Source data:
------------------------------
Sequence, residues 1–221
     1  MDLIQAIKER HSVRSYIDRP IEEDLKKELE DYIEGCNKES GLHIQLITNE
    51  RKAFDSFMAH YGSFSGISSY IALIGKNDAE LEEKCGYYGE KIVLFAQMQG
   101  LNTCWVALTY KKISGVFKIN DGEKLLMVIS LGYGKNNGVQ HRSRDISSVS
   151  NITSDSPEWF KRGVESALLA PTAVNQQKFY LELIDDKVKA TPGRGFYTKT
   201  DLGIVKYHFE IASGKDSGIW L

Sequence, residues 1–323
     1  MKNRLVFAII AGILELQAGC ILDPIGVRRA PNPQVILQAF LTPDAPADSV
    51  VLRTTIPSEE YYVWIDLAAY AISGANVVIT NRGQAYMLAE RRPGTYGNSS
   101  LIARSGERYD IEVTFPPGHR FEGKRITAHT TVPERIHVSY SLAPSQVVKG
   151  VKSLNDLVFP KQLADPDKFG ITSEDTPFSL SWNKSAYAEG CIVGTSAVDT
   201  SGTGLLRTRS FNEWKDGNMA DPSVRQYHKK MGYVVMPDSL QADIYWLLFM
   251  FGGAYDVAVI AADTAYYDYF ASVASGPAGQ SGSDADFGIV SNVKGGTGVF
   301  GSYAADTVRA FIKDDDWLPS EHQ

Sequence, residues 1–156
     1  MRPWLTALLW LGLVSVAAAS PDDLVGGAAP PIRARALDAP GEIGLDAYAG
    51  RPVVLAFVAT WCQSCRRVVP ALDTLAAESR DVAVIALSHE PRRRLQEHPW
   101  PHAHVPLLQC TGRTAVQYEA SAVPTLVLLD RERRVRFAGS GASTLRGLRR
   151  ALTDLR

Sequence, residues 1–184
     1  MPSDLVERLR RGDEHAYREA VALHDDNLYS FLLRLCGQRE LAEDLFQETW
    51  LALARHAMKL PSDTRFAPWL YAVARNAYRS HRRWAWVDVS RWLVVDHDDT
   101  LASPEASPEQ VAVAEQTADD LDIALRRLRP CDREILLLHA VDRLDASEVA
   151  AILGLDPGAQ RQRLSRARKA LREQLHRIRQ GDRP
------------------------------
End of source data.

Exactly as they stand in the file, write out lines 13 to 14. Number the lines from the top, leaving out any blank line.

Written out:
   251  FGGAYDVAVI AADTAYYDYF ASVASGPAGQ SGSDADFGIV SNVKGGTGVF
   301  GSYAADTVRA FIKDDDWLPS EHQ